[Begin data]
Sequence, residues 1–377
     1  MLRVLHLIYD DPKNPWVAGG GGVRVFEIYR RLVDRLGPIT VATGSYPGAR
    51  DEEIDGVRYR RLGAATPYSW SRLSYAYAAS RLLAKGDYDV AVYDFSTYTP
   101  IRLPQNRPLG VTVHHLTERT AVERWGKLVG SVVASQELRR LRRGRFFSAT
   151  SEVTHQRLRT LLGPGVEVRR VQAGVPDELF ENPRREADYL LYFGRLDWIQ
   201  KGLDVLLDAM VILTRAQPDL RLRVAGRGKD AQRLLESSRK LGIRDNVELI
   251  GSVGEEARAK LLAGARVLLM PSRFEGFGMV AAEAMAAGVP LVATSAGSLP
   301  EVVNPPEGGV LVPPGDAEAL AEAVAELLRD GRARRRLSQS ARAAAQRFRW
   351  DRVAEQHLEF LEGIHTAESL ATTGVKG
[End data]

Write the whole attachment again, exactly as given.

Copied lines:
Sequence, residues 1–377
     1  MLRVLHLIYD DPKNPWVAGG GGVRVFEIYR RLVDRLGPIT VATGSYPGAR
    51  DEEIDGVRYR RLGAATPYSW SRLSYAYAAS RLLAKGDYDV AVYDFSTYTP
   101  IRLPQNRPLG VTVHHLTERT AVERWGKLVG SVVASQELRR LRRGRFFSAT
   151  SEVTHQRLRT LLGPGVEVRR VQAGVPDELF ENPRREADYL LYFGRLDWIQ
   201  KGLDVLLDAM VILTRAQPDL RLRVAGRGKD AQRLLESSRK LGIRDNVELI
   251  GSVGEEARAK LLAGARVLLM PSRFEGFGMV AAEAMAAGVP LVATSAGSLP
   301  EVVNPPEGGV LVPPGDAEAL AEAVAELLRD GRARRRLSQS ARAAAQRFRW
   351  DRVAEQHLEF LEGIHTAESL ATTGVKG